/What’cha gonna do when Animal Mania runs all over you?
Top photos show Dottie the sheep, Port Huron Deputy Officer Mike Pink and K9 Fist. Bottom shows horses Bailey and Cherokee for the PTSD program at Day Dreams Farm. Photos taken Saturday, March 15 at McMorran Pavilion Place. Photo credit Nick “Chico” Hernandez.

What’cha gonna do when Animal Mania runs all over you?

4H turns animals loose at McMorran

Nick “Chico” Hernandez
Staff Writer

The odor of a farm hung heavily in the air at the McMorran Place pavilion during the 8th annual 4H-hosted Animal Mania. The event took place last Saturday, March 15, from noon to 4 p.m.
Animal Mania brought in 1,800 people last year. This year broke that record, reeling in about 2,664 adults and children.
Lori Warchuck, coordinator for the event said, “Animal Mania was modeled after MSU’s ‘Vet-a-Visit.’ We’ve never had a bad year with Animal Mania. Each year has been good.”
Besides being a giant petting zoo for the children, Animal Mania is meant to educate, demonstrate, and show off careers that work closely with animals.
The Department of Natural Resources had a shooting simulation set up to teach kids the proper way to hold and shoot a rifle or shotgun, depending on the child’s choice. Alongside that, flyers were also handed out to promote a hunter education class.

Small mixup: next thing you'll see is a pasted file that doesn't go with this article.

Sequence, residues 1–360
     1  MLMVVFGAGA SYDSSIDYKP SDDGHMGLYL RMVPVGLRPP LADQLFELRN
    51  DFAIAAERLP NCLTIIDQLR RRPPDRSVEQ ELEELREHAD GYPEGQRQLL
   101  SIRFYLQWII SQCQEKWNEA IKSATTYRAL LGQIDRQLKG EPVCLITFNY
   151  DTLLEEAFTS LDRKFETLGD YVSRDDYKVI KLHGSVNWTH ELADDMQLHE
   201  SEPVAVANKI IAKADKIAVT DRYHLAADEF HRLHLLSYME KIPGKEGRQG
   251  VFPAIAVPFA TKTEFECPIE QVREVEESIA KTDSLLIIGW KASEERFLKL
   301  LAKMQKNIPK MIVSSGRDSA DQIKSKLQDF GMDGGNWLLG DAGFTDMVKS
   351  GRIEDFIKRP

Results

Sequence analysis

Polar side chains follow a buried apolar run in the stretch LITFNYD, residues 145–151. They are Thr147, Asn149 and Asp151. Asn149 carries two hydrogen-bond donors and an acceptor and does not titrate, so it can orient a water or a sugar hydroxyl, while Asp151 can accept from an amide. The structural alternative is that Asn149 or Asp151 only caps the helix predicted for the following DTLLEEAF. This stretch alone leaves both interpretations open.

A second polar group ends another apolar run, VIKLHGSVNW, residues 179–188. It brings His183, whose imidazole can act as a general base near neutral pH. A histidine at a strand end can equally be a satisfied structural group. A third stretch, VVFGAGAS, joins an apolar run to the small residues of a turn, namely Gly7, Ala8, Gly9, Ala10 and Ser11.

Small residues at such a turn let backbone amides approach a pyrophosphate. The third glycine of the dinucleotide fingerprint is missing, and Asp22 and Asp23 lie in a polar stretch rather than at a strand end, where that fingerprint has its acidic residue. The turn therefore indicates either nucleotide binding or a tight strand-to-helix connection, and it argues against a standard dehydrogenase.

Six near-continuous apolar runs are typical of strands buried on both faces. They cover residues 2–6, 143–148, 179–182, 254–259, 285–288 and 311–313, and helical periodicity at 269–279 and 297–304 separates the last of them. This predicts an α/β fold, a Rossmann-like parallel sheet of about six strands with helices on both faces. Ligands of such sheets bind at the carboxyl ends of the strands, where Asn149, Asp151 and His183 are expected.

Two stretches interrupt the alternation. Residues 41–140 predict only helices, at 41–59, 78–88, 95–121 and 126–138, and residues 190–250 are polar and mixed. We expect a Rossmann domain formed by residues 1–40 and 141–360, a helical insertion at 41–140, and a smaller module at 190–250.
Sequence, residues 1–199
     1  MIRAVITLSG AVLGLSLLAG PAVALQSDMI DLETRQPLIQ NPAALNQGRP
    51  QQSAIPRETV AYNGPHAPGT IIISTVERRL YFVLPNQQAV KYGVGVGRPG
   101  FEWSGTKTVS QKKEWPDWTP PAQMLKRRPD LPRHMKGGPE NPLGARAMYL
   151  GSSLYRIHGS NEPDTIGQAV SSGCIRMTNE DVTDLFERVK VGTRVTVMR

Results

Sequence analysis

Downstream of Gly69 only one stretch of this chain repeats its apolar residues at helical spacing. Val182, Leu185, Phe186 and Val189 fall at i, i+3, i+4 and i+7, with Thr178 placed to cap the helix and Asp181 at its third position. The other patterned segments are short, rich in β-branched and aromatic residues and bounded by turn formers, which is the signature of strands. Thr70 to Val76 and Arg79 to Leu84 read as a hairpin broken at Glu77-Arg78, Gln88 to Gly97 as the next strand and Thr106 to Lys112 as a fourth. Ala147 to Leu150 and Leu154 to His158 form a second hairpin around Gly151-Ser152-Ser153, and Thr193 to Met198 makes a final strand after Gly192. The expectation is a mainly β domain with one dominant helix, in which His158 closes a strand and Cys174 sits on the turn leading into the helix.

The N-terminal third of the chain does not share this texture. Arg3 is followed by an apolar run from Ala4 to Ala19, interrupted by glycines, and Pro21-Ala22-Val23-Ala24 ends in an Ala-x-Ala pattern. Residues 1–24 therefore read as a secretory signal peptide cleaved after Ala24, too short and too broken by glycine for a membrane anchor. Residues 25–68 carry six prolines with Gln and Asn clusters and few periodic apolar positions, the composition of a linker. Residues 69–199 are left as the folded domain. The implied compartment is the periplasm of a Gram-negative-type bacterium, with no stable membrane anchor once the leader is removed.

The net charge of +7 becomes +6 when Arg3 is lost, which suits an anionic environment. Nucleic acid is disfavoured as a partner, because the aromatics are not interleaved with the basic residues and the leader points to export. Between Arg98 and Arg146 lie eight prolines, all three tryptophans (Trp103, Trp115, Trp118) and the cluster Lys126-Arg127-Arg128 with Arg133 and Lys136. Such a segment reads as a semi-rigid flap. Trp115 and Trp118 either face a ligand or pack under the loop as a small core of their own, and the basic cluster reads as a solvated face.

The Sheriff’s office also brought an Animal Control truck filled with adoptable cats and dogs alongside a K9 unit. Deputy officer Mike Pink answered questions for everyone that asked what the K9 unit does alongside his German Shepard partner, Fist.
Kristy Hardy, a member of 4H, brought in her sheep to showcase how much and how different wool can be.
“It’s always good to see children learn about animals and how to respect them.” Hardy said. Hardy has been lending a helping hand with Animal Mania for the last 7 years.
Lisa Ponke, owner of Day Dreams Farm in New Haven, said that she gained many new volunteers at this event, but no adopters for any horses. When asked what her farm does for the horses, she referred to a business card that stated: “Dedicated to saving abused or neglected horses and promoting responsible ownership.”
“The two horses we have here, Bailey and Cheeroke, are going to be in our new program for people with post-traumatic stress disorder (PTSD). So really this event isn’t just for the kids, it expands out to the adults too,” Ponke said.